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Author Topic: buzzing issues  (Read 23753 times)
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B0B
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« Reply #40 on: Dec 08, 2010, 07:07PM »

Not "Do it better."

Not "Try to understand how it works."

Just "Don't do it."

Well sure. While the regular ensemble teacher struggles with "do[ing] it better" and "try[ing] to understand how it works", if they keep trying this in their ensemble they will lose the students and lose their job. Keep it moving and don't make your mistakes hinder the students any more then necessary.

Otherwise it's like if I try to hit a note above my range during a jazz solo. The audience ain't going to stay and listen if I just keep trying to hit that note over and over. What's more important, hitting that note or playing a good solo? Miss the note? Forget about it and play that solo.

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You're all over the place.

End of conversation.

S.
Conversation? You come in, say I'm all over the place with nothing to back it up, and then say you're done. Sounds more like a tantrum.

Take care,
B0B
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sabutin

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« Reply #41 on: Dec 08, 2010, 08:07PM »

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Well sure. While the regular ensemble teacher struggles with "do[ing] it better" and "try[ing] to understand how it works", if they keep trying this in their ensemble they will lose the students and lose their job. Keep it moving and don't make your mistakes hinder the students any more then necessary.

Where is this "mistake", BOB?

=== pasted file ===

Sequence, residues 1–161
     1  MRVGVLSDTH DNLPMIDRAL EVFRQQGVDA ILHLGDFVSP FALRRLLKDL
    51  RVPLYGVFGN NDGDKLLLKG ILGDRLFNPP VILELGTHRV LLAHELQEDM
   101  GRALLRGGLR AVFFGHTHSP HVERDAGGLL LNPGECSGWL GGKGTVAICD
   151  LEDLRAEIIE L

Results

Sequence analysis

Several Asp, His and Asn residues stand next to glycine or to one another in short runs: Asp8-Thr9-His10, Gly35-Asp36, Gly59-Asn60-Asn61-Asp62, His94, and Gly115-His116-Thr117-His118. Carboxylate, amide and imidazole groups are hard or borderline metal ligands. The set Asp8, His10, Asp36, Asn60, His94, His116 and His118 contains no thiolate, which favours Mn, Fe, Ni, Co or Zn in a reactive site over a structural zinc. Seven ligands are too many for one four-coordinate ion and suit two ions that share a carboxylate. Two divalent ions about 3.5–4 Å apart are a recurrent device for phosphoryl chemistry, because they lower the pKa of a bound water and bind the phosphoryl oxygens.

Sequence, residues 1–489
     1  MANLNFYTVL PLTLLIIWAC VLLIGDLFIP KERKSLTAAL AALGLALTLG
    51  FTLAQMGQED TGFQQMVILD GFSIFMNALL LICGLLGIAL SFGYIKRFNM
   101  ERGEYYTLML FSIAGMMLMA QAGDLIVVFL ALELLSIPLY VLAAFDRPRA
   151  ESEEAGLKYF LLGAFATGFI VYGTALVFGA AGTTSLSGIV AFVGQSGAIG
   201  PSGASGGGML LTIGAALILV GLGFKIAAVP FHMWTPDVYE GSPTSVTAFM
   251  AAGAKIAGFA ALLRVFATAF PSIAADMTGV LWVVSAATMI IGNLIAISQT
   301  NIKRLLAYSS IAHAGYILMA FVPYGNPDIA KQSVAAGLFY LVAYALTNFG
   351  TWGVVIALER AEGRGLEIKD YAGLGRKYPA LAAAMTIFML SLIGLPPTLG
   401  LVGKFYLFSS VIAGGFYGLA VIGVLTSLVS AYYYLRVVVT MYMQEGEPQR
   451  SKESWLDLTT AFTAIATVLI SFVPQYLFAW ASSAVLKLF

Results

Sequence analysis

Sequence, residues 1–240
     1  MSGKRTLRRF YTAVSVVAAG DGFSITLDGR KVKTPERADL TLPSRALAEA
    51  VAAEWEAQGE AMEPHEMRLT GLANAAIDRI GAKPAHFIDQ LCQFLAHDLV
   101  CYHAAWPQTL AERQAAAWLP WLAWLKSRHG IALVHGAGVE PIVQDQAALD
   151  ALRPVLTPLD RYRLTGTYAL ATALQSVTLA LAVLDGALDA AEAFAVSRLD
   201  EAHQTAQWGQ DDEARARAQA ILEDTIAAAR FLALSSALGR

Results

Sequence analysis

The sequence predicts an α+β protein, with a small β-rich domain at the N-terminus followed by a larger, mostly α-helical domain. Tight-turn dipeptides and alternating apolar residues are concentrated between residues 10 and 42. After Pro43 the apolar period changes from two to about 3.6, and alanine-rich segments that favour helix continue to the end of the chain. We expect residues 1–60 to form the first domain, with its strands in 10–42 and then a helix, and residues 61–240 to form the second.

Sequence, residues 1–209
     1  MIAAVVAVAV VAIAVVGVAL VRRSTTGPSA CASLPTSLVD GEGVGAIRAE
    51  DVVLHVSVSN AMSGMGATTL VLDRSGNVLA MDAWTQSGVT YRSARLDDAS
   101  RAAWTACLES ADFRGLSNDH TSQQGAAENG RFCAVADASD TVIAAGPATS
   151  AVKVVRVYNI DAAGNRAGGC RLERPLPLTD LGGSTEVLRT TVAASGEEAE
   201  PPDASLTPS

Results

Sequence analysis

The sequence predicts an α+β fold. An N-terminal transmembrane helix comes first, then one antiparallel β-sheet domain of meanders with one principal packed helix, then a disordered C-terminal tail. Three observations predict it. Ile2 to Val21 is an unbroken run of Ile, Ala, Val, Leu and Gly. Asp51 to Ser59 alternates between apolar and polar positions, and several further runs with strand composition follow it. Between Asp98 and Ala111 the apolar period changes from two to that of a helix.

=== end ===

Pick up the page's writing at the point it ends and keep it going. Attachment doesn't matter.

In your own practice and/or teaching?

I don't see any  mistakes, myself.

Not in this situation.

I know what works and what doesn't, on long and consistent experience.

Quote
Otherwise it's like if I try to hit a note above my range during a jazz solo. The audience ain't going to stay and listen if I just keep trying to hit that note over and over. What's more important, hitting that note or playing a good solo? Miss the note? Forget about it and play that solo.

Take the chance.

Solo or teaching.

No risk, no gain.

That's my philosophy, anyway.

How have I not backed my posiition up?

In my own life and career. And on the net. Do a search. I'm nothing if not "backed up."

Over and over and over again.

You?

I dunno.

Show me.

My stuff works.

Show me.

S.
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Visit <http://samburtis.com/>. Lots of information on that site in the form of articles plus a link to my method book "Time, Balance & Connections-A Universal Theory Of Brass Relativity" which includes several chapters of the book.
Doug Elliott
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« Reply #42 on: Dec 08, 2010, 11:05PM »

To refresh the original post:
So I feel lame asking this as I played trombone from 7th through college, but I am now teaching a combined low brass class and I am having some buzzing range issues.

The tbns and btns can all roughly match an F (this is day 3 of buzzing) but they cannont seem to get higher or lower.

The tubas are currently on a 2nd line Bb. For some reason they can all do what I call a "horse" buzz without the mouthpiece but stick the mouthpiece up and they are buzzing up with the tbns and btns.

I've demonstrated on both a tbn mpc and tuba mpc the buzzes I'm after.

We've done Sirens, Bottle Rockets (low to high), and Dive Bombers (high to low) in an effort to get some range going. However, it doesn't seem to be working.

I've talked about embouchure/aperture and air direction in relation to low and high buzzing. (Firmer for high, more relaxed for low... blow up for low, middle for middle, down for high, etc.)

I've currently hit a road block on what else to tell them. Any suggestions would be greatly appreciated!

This is a topic that was started about beginners.

I think what B0B is trying to say is, if an approach isnít going anywhere, move on before you lose the attention of the student(s).  Especially for someone who is not well versed in how or why to effectively teach buzzing.

I agree with that.  If something is not working, donít do it.  Come back to it later.

This entire discussion presents a lot of ideas about how to use buzzing as a means to improve playing.  I really donít think anything needs to be added to it, and Iím going to close the topic. 

A lot can be learned by simply reading it all again.
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